Looks like flash memory manufacturer Spansion (NASDAQ:SPSN) may not be a flash in the pan after all. As fellow Fool contributor Dan Bloom reported last week, the maker of memory chips like those most commonly found in cell phones flashed a big jump in second-quarter sales, while also narrowing its losses.

A spinoff from a joint venture of Advanced Micro Devices (NYSE:AMD) and Japanese chip maker Fujitsu, Spansion had been facing growing losses before its IPO, as the type of flash memory it specializes in -- NOR -- lost ground to the more popular NAND flash memory. Both types of memory are used to store data on cell phones, digital cameras, PDAs, and MP3 players, but unlike DRAM memory (the kind commonly found in personal computers), flash memory doesn't lose the information once you turn the device off.

NOR memory, however, has been losing out to NAND because the latter is both cheaper and writes data to memory much faster, making it popular in devices like USB drives, medical devices, and Apple's (NASDAQ:AAPL) ubiquitous iPod, which has been consuming as much as 40% of Samsung's total flash output. NAND memory is even making inroads into NOR's cell phone stronghold.

With cell phones increasingly becoming multimedia devices capable of handling pictures, music, and other multimedia data, the need for memory that can quickly write the data is growing. According to market researchers IC Insights, the NAND flash market will grow by 40% in 2006 and have a compounded growth rate of 31% through 2010, when it will reach $33 billion. More companies like Intel (NASDAQ:INTC), Micron (NYSE:MU), SanDisk (NASDAQ:SNDK), and Infineon (NYSE:IFX) are making NAND flash now, which is increasing capacity and helping drive down prices, making it more economical for component manufacturers to incorporate NAND flash into their devices.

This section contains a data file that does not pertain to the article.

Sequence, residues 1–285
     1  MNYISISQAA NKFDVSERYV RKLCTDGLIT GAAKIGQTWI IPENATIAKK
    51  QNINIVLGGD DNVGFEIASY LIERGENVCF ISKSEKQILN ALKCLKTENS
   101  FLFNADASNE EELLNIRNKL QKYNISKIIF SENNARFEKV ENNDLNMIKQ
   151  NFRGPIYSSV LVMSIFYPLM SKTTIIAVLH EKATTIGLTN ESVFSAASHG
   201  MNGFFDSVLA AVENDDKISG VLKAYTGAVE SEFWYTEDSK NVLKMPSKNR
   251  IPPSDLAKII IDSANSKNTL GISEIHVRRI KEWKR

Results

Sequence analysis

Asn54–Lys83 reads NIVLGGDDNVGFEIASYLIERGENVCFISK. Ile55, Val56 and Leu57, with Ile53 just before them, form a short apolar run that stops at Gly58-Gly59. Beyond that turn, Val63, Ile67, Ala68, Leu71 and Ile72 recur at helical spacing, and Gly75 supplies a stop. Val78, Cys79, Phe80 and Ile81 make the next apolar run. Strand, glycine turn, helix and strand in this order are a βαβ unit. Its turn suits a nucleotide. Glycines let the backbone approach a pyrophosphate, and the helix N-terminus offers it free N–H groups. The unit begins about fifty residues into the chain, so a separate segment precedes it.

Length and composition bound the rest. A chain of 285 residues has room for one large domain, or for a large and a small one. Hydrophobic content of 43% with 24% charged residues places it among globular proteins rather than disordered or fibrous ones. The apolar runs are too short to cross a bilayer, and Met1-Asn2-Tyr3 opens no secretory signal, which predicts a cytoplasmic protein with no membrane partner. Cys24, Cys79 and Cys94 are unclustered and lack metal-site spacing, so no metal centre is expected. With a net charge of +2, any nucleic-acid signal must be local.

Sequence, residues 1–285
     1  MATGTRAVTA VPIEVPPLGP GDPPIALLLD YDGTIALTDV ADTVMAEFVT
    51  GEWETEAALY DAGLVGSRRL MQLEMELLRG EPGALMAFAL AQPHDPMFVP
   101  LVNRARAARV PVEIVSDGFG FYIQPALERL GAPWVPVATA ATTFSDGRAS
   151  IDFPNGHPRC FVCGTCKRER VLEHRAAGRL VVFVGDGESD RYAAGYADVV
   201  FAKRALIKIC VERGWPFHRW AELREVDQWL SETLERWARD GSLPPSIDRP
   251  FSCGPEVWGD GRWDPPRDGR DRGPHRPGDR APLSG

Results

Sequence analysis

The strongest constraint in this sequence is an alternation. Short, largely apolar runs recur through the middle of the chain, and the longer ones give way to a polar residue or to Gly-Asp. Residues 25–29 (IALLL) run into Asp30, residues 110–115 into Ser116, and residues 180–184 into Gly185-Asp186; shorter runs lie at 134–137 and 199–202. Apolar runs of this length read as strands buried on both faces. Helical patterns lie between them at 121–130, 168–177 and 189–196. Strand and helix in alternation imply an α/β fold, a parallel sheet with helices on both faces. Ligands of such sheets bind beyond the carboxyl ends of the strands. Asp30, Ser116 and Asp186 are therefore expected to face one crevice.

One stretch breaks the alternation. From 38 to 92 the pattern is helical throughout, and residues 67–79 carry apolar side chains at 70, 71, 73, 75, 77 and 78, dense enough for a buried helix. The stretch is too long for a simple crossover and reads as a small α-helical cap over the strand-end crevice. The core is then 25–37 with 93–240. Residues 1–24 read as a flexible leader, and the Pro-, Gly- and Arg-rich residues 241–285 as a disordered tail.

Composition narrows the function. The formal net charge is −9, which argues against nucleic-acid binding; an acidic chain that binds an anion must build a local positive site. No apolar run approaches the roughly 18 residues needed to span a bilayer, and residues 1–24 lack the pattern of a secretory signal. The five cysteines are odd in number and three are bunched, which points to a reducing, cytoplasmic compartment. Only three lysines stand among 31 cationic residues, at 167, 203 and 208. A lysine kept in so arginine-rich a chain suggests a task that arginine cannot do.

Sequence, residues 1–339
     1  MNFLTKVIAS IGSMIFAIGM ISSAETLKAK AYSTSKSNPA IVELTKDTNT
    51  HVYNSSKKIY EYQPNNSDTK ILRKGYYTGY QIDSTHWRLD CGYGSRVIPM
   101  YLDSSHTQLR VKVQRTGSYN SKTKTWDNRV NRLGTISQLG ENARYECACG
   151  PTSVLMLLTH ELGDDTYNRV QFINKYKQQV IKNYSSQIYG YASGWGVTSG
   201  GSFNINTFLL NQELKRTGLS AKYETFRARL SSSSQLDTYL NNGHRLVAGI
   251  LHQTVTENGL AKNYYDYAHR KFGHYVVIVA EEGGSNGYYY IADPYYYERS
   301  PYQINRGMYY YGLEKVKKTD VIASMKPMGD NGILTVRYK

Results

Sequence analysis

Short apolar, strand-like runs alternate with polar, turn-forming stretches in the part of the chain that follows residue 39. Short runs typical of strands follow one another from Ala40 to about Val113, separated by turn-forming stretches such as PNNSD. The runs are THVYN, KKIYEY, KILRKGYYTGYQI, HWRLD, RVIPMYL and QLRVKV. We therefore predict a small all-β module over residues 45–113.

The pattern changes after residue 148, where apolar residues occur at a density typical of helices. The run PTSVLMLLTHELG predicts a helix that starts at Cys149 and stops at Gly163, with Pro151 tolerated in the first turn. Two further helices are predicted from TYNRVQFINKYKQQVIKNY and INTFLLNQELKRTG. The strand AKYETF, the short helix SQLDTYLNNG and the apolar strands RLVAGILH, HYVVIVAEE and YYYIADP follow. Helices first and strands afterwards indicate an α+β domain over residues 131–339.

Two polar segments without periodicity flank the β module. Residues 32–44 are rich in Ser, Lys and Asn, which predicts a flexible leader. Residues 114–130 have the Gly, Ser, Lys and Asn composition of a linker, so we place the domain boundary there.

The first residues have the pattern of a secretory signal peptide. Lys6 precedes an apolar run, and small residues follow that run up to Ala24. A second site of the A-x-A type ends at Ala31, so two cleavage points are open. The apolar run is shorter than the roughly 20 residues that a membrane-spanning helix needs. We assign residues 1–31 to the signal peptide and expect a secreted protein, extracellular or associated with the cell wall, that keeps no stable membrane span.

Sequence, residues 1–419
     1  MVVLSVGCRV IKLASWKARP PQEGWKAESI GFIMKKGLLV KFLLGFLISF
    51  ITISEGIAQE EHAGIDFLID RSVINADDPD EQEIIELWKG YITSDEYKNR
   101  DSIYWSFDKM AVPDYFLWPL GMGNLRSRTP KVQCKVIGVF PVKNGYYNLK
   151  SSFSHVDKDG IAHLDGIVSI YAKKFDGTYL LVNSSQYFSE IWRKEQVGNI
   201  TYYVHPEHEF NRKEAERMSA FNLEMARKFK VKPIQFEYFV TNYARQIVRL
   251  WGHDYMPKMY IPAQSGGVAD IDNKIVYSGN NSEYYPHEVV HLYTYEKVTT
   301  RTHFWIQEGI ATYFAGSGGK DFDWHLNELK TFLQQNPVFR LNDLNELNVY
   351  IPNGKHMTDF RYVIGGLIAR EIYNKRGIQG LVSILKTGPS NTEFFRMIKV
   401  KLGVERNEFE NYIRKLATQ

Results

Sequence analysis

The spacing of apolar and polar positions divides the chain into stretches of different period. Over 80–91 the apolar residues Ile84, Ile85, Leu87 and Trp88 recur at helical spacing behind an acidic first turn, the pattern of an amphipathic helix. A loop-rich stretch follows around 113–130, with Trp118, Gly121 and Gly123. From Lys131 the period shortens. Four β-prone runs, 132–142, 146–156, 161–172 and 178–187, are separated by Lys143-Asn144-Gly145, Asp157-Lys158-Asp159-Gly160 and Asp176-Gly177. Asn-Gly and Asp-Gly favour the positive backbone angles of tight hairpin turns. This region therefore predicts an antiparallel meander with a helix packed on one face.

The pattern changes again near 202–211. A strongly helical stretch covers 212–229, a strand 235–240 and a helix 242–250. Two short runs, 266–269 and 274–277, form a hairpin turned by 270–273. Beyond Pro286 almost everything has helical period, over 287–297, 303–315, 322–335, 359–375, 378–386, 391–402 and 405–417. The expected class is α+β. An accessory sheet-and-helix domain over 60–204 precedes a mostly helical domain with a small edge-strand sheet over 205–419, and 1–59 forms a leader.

For that reason, Spansion's NOR memory was seen as a losing proposition when it was spun off last year. The market hasn't been kind to the company's stock, either, pricing it at around $12 at the IPO but driving it quickly below the offering price. Today the stock stands at only $14 a share.

However, Spansion has sought to increase its presence by adding value to its memory. As average selling prices declined, Spansion announced that it was adding security features to its memory chip to make it more valuable to cell phone makers; the enhanced chip will create hardware-protected zones of memory, making it harder for hackers to crack than a software-driven system. It also could allow a cell phone to be used as a mobile terminal, encouraging consumers to use their phones to make more financial transactions.

While Spansion's net loss narrowed to $49 million (or $0.38 per share), compared to $86 million (or $1.19 per share), investors also saw their shares diluted by 77% in the intervening year, primarily because of its IPO. Yet as Dan noted, the current quarter's loss included a $6 million charge for stock-based compensation that wasn't present last year, and a $17.3 million charge for early retirement of debt.

Although the sales comparison between this year and last looks robust, Spansion now sells its product directly to AMD's former customers and potential customers not served by Fujitsu; last year, it sold its products exclusively to its parents, who were its distributors. Though total shipments are on the rise, NOR flash faces a declining market. If it's able to deliver on its multichip ORNAND memory package -- a chip said to combine the best features of NOR and NAND flash -- Spansion may yet make an interesting investment.

Despite NAND memory's growing dominance, there does still appear to be a niche for NOR flash, and as the largest provider of such memory, Spansion may be more than just a flash in the pan.

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Fool contributor Rich Duprey owns shares of Intel but does not own any of the other stocks mentioned in this article. You can see his holdings here. The Motley Fool has a disclosure policy.